The Caribbean can count on the United States of America to be at its side “as a neighbour, as a partner, as a friend”, says that country’s Secretary of State Antony Blinken.
In a bid to strengthen its relationships with the region, Blinken pledged the following:
The appointment of a special prosecutor—Michael Ben’Ary—to serve as the United States’ very first coordinator for Caribbean Firearms Prosecutions; $5.5 million to the region to deal with food insecurity; a commitment to deal with Haiti; a commitment to address climate change in the region; and a commitment to look at de-risking which the Caribbean faces by international banks.
In a statement to Caricom leaders yesterday at the 45th general meeting, which also marked Caricom’s 50th-anniversary celebrations, Blinken affirmed that the US had heard issues raised in the region, through Congress’s Joint Action Committee and the diplomatic posts throughout the region.
“And I think what we’ve heard underscored that to solve some of the biggest challenges facing our people, we simply have to work together—and work together more effectively in genuine partnership. And I know that our Congress shares that view. That’s why this extraordinary delegation of Congress is here at the same time, led by our leader, Hakeem Jeffries, to demonstrate America’s support for deepening our long-standing ties across the region. And that includes strengthening our cooperation at the regional and also at the international level,” he said.
“And the reason that I’m here and the reason that my colleagues are here today on this very powerful occasion is to tell you, to share with you that you can count on America being by your side–as a neighbour, as a partner, as a friend … and together as we work to genuinely build unity and forge the future of our community, this community that we share, and do it together.”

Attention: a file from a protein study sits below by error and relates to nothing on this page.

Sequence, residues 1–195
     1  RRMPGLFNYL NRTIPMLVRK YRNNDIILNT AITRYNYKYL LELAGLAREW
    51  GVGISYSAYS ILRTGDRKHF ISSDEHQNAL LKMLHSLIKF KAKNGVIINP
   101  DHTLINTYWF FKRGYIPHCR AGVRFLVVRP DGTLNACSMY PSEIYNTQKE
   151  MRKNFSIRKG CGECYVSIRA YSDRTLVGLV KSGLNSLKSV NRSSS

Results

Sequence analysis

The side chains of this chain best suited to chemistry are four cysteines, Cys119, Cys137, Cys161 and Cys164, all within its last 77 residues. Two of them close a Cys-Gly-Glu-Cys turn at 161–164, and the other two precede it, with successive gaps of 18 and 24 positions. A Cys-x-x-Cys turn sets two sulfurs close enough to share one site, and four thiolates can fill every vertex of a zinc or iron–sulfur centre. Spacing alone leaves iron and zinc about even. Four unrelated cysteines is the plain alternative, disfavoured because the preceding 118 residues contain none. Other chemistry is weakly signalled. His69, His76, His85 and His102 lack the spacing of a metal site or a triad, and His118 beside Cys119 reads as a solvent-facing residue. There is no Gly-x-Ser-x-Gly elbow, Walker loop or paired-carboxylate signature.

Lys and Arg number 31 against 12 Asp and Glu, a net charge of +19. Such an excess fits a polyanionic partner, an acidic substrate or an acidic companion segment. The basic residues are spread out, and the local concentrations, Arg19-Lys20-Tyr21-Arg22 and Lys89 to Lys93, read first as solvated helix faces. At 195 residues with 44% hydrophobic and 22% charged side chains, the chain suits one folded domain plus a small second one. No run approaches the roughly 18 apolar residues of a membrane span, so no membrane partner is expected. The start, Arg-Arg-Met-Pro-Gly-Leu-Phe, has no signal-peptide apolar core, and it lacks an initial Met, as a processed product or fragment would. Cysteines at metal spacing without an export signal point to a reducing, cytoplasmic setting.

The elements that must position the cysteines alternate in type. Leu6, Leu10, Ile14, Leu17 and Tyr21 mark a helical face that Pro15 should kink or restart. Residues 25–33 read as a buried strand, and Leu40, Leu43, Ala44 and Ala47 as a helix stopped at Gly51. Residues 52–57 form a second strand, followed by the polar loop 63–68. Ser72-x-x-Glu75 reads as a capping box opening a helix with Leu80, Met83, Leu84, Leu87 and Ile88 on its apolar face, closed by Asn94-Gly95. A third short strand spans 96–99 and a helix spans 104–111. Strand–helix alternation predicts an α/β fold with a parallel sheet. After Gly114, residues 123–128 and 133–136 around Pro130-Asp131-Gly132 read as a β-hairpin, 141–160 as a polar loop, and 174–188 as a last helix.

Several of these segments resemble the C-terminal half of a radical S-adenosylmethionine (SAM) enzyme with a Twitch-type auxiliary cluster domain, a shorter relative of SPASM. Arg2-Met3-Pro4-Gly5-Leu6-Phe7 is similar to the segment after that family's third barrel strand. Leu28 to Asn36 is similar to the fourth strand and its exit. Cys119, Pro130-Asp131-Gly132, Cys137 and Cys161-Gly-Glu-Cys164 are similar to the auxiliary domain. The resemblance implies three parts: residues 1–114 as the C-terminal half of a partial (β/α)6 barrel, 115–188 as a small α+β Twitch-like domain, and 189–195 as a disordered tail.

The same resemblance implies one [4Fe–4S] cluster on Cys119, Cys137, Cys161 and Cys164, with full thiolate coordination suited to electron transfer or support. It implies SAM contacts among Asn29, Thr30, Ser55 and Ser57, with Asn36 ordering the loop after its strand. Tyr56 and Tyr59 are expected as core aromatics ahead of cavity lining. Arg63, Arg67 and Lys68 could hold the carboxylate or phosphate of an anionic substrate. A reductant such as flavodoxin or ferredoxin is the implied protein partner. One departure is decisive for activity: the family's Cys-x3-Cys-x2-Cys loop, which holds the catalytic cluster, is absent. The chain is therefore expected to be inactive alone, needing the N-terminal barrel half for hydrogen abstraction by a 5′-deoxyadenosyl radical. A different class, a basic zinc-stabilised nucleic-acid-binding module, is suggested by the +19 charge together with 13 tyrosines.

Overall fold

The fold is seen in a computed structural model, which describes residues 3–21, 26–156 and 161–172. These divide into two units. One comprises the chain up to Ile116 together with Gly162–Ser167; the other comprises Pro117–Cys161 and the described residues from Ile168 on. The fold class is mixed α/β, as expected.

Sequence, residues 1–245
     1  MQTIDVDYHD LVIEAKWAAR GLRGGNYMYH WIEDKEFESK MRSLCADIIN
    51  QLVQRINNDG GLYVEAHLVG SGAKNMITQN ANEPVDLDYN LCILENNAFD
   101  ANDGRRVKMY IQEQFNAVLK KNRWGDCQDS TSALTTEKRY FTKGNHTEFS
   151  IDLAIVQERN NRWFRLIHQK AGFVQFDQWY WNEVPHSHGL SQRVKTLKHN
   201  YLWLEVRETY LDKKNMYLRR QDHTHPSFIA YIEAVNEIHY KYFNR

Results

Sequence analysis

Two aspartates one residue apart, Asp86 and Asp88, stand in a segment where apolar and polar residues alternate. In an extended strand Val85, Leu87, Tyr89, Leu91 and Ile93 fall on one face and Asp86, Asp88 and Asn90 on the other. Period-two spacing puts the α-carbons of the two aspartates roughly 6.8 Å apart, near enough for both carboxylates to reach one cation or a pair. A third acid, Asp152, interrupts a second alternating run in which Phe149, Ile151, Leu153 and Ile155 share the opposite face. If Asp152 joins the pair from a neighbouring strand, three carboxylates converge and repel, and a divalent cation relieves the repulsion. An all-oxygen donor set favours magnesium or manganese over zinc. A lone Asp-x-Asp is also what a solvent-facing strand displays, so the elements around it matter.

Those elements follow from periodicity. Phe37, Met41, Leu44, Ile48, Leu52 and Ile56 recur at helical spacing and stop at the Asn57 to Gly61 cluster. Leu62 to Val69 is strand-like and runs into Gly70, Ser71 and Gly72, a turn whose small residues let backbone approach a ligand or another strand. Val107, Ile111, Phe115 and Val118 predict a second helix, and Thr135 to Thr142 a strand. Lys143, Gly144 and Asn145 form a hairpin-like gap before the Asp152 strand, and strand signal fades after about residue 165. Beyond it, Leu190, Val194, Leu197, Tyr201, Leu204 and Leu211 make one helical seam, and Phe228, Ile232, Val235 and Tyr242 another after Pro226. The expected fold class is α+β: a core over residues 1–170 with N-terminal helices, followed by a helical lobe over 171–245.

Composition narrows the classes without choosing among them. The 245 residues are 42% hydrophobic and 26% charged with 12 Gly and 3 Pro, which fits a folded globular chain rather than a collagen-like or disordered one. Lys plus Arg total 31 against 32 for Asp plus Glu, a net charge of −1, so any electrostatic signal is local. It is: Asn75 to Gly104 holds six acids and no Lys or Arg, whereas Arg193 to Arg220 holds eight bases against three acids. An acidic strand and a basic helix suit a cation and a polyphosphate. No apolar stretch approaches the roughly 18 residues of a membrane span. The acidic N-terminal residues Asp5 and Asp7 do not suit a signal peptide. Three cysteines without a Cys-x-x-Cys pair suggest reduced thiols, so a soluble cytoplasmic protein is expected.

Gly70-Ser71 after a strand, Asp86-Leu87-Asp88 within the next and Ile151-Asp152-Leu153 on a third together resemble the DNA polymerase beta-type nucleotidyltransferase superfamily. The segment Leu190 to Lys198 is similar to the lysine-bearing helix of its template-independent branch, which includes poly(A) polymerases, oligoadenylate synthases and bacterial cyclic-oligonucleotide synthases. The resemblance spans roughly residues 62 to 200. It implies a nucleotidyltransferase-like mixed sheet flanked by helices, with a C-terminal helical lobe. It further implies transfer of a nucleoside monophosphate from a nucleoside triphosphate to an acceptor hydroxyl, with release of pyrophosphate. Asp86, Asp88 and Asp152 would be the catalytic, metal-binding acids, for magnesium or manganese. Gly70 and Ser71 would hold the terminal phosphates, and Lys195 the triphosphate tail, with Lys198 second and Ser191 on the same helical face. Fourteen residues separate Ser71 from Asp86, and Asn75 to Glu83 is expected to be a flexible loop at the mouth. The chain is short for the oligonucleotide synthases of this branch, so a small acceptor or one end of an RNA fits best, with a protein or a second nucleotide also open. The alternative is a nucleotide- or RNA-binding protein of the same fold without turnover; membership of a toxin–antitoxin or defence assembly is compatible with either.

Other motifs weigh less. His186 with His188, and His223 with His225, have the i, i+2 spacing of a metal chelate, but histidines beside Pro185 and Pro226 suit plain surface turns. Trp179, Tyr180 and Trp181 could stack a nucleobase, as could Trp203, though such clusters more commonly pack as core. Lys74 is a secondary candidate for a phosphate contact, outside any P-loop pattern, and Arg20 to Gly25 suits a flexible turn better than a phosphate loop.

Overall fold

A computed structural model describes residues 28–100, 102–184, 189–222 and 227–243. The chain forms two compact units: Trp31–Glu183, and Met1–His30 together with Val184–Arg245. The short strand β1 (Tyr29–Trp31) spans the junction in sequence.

Guns in the region
At the regional crime symposium held in April, regional leaders declared war on guns and called on the United States to take action to stop the illegal exportation of firearms and ammunition into the Caribbean.
“We declare a war on guns to combat the illegal trade which provides the weapons that contribute significantly to crime and violence in our region causing death, disabilities and compromising the safety of our citizens,” the communique had stated.
“We call on the United States of America to join the Caribbean in our war on guns and urgently adopt and take action to stop the illegal exportation of firearms and ammunition into the Caribbean.”
Blinken said the US was working to stem the rising tide of violent crime taking a devastating toll on communities across the region.
He said the US supported the creation of Caricom’s new Crime Gun Intelligence Unit, “which is improving information sharing among our law enforcement agencies and strengthening the capacity of countries to investigate gun-related crimes”.
He said that last month the US created a new position at the Department of Justice to deepen collaboration among us on gun prosecutions. “Today I’m pleased to announce that Michael Ben’Ary—a very experienced DOJ prosecutor—will serve as the United States’ very first coordinator for Caribbean Firearms Prosecutions.”
He noted that in July 2020, Congress passed the Bipartisan Safer Communities Act.
“This included new federal provisions that increase criminal penalties to up to 15 years in jail for traffickers, straw purchasers. This is a tool that’s vital for holding accountable those who smuggle US arms to the Caribbean,” Blinken said.
Meanwhile, US Congressman Hakeem Jefferies, the House Minority Leader, told regional leaders, “We must disrupt the gun trafficking and violent crime plaguing the region by stopping the shipments of arms and holding gun traffickers accountable to the full extent of the law.”
Blinken noted that food insecurity has intensified across the region from a combination of climate change, COVID and the Ukraine/Russia war.